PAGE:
California Lutheran has benefited from students’ perception of the difficulty of getting into the state’s public-university systems. "They were starting to look at independent schools like us in a way that they never did before," he said. California Lutheran also matched the out-of-pocket cost for any student who had also been accepted by the top University of California campuses, in Berkeley, Los Angeles, and Santa Barbara.

But trouble in the public systems has not been seen as an advantage by most private colleges. Among the colleges responding to the survey that saw increases in enrollment, only 3 percent said that state budget cuts at public institutions could explain their results. Far more institutions cited increases in financial aid, new facilities, or new academic or athletic programs for their growth.

Compounding the Competition

An overwhelming majority of respondents who gained in enrollment attributed their success to better recruitment and marketing strategies.

W. Scott Friedhoff, vice president for enrollment and college relations at the College of Wooster, in Ohio, was skeptical of that response. "It is the easiest answer for nonenrollment professionals to give"—to lay the problem at the feet of the enrollment office, he said. While messaging is important, he said, adding or changing academic programs, or putting up new buildings, can be just as crucial but harder to pull off.

The fundamental problem is the economy—an issue he did not see mentioned much in Nacubo’s report. His office has been tracking the calculations for the expected family contribution among Wooster students, and it hasn’t improved in six years. At the same time, the State of Ohio has cut financial aid for students by half.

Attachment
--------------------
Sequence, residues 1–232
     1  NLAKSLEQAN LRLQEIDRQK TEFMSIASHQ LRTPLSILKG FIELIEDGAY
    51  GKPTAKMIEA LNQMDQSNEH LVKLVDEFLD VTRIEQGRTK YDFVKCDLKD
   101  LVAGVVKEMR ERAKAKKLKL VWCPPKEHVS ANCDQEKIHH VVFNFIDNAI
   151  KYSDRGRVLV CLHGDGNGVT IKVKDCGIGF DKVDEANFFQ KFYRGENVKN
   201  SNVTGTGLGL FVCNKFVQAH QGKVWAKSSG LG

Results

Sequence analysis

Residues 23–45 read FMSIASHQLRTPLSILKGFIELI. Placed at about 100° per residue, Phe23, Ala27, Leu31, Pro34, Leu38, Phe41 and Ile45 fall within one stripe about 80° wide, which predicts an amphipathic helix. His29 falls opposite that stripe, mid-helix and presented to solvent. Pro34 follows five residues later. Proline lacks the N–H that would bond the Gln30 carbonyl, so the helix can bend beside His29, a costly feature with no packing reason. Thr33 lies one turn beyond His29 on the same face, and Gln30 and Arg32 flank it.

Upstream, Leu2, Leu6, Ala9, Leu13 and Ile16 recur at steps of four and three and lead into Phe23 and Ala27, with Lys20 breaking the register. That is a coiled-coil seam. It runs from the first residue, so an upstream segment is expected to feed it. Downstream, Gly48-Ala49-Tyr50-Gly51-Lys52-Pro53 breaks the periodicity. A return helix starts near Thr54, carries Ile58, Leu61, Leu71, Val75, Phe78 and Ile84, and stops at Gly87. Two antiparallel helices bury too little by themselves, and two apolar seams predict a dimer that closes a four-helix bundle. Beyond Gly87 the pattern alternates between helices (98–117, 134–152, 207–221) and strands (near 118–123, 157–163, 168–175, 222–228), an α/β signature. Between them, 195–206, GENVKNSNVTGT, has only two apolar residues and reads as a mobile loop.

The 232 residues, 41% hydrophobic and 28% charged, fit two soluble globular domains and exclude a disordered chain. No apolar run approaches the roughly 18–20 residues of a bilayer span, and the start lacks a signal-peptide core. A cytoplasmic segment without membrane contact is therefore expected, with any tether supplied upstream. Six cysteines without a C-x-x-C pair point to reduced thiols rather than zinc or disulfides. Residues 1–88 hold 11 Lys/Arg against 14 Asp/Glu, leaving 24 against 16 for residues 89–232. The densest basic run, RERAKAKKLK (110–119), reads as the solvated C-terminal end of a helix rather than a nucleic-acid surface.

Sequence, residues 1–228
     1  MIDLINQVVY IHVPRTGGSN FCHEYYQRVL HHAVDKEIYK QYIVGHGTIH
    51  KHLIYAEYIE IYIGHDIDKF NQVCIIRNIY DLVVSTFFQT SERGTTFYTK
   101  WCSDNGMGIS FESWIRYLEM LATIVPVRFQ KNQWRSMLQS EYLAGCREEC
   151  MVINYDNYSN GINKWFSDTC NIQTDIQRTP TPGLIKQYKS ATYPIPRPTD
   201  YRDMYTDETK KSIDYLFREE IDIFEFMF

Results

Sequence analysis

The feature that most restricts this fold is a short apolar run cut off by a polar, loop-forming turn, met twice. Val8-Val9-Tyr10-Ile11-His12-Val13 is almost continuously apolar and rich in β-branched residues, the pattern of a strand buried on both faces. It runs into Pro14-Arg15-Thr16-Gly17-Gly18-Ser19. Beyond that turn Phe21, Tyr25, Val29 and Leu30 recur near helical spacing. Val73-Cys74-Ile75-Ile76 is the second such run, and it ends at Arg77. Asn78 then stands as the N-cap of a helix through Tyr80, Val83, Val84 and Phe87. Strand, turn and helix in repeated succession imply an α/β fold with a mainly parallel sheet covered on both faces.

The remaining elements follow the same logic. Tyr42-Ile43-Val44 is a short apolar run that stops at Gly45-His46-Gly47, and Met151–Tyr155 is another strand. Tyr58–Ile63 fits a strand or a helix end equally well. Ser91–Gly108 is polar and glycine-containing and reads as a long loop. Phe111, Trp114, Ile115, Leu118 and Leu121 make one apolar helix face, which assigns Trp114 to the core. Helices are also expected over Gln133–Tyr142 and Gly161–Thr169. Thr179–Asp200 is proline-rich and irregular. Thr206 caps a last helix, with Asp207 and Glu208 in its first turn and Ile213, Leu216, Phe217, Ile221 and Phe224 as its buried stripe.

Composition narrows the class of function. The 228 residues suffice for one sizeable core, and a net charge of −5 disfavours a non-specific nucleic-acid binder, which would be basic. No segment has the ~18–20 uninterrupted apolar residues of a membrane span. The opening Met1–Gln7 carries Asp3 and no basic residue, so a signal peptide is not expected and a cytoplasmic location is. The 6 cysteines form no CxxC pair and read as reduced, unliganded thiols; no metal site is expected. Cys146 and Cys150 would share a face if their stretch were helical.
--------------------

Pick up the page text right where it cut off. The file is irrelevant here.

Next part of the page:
"Is there a surprise that financial-aid discounting goes up over that time?" he wondered.

Even in recent years, the College of Wooster has done well, reducing its discount rate and increasing its net-tuition revenue. (A third of the survey respondents have had a steady or shrinking discount rate.) But admitting the freshman class of 2014-15 "took me by surprise," Mr. Friedhoff said. He found it harder to recruit students, and the discount rate went back up.

"The surprise keeps getting validated by others’ telling similar stories," he said. "Competition was really heated. Many schools didn’t meet their enrollment goals last year, and the pressure to do so this year just compounded that competition."

He is most worried about "an extraordinary aversion to student debt." Student loans can be an effective and responsible way to finance a college education, he said, and certainly they are vital for tuition-dependent colleges. But because of news-media coverage of outlandish debts and an "inaccurate representation of the wise use of student loans," families are shying away from them. "I worry that many students are compromising their futures," Mr. Friedhoff said.

‘Bargaining All Over the Place’

Mr. Friedhoff said he wonders what we’ll see in next year’s Nacubo report.

Kent John Chabotar, an expert on college finance who just retired as president of Guilford College, in North Carolina, thinks he knows what’s coming. "More talk about radical restructuring, but not as much action," he said. Curricula will focus on fewer programs, with cuts in faculty members. Colleges will also be under pressure to reduce the numbers of administrators, which have expanded in recent years. More colleges will jump into online-education programs, and more will enter consortial relationships to share costs in administration or instruction.

He said he thinks colleges will focus much more attention on junior-year transfers. "Transfer students are going to become a much bigger piece of the puzzle," he said, "to the point that they’ll even have a discount rate for juniors."

It all reflects the tougher recruiting environment that colleges see today—and are likely to see more in the future.

"I have never seen savvier kids or savvier parents than the ones we are getting now," Mr. Chabotar said. "They are bargaining all over the place. It’s like going to the used-car dealership."